WASHINGTON (Reuters) - Toyota Motor Corp <7203.T> believed it had saved over $100 million by convincing U.S. regulators to end a 2007 investigation of sudden acceleration complaints with a relatively cheap floormat recall, according to an internal company document.
The document, which appears to be a briefing for Toyota's North American chief Yoshi Inaba prepared by the automaker's Washington staff in July 2009, cites sudden acceleration as a "key" safety issue and warns that U.S. regulators were taking a tougher line on forced recalls.
The document, which is marked confidential, was provided to the U.S. House Committee on Oversight and Government Reform in advance of an appearance by Toyoda President Akio Toyoda before the panel on Wednesday.
A Toyota representative was not immediately available to comment. A copy of the presentation was obtained by Reuters.
The document seems certain to add to the high-stakes debate about whether Toyota missed or ignored red flags about a rising number of complaints about sudden acceleration in its vehicles and whether U.S. safety regulators were tough enough.
In recent months, Toyota has recalled over 8.5 million vehicles globally for problems that include sticky accelerators, accelerators that can be pinned down by loose floormats and a braking glitch on its Prius hybrid.
Toyota has estimated those recalls will cost it $2 billion in the fiscal year ending March.
But before an August 2009 crash that killed an off-duty California Highway Patrol officer and three others, Toyota had limited its action on sudden acceleration complaints to a recall of 55,000 floormats on the Camry and Lexus ES350.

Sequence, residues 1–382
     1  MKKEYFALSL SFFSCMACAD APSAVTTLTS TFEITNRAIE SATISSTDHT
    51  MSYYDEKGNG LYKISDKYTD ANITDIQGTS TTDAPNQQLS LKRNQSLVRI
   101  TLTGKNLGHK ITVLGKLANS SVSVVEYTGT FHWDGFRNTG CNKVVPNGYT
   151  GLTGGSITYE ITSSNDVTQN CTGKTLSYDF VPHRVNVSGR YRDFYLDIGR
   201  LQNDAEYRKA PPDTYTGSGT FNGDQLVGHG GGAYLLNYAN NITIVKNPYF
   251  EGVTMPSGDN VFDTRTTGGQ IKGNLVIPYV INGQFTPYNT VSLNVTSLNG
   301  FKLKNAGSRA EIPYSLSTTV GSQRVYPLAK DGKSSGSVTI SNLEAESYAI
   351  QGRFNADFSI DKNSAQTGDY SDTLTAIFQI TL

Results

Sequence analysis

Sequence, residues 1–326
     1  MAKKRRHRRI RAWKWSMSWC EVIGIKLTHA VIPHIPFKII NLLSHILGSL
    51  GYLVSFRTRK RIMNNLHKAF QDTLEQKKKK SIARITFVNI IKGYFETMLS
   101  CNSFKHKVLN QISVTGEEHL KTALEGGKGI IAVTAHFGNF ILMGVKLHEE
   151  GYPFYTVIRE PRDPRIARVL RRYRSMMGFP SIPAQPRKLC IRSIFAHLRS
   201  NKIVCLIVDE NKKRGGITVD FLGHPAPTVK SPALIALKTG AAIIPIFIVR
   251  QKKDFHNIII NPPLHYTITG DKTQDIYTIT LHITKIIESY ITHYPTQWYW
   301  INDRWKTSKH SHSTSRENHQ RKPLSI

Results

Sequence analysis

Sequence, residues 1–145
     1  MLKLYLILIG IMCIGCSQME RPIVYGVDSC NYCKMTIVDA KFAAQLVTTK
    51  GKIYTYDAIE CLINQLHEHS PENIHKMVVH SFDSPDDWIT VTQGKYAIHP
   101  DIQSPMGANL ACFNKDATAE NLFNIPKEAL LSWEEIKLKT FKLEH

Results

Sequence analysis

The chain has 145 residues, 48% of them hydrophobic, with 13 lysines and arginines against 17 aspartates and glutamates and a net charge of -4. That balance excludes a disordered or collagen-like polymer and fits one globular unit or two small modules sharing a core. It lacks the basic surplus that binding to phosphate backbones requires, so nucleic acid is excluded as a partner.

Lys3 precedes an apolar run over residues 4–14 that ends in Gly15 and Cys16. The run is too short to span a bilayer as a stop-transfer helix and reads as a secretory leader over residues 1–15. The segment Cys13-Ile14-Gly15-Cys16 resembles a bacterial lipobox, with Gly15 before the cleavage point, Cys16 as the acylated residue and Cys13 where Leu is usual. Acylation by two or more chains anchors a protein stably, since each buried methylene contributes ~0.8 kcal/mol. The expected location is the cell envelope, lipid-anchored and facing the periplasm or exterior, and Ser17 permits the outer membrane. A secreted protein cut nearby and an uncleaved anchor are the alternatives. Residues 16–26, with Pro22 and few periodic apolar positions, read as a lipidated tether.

The July 2009 Toyota presentation depicts a Washington-based company operation that presented three cases where it had succeeded in limiting U.S. safety investigations as "wins."
Inaba, who had retired from Toyota in 2007, was called back from retirement and appointed to head up the automaker's North American operations in late June by Toyoda.
The presentation that carries his name was dated July 6, 2009, about two weeks after Inaba took the job at the direct urging of Toyoda.
The document cites "favorable recall outcomes" as one of the key achievements of Toyota's lobbying effort in Washington as well as "safety rulemaking favorable to Toyota."
Specifically, the document says that Toyota's Washington safety group, a team that included several former U.S. officials, helped negotiate changes or delays to four proposed vehicle safety rules covering standards for roof crush, electric shock, side impact and door locks.
By winning "added lead time and phase-in" for new side-impact crash standards, Toyota estimated that it had saved about $124 million, according to the document.
At the same time, Toyota's Washington safety group was credited with having "negotiated (an) 'equipment' recall on Camry/ES," a step credited with saving over $100 million with no finding of a defect by the National Highway Traffic Safety Administration.
(Reporting by Kevin Krolicki; Editing by Tim Dobbyn)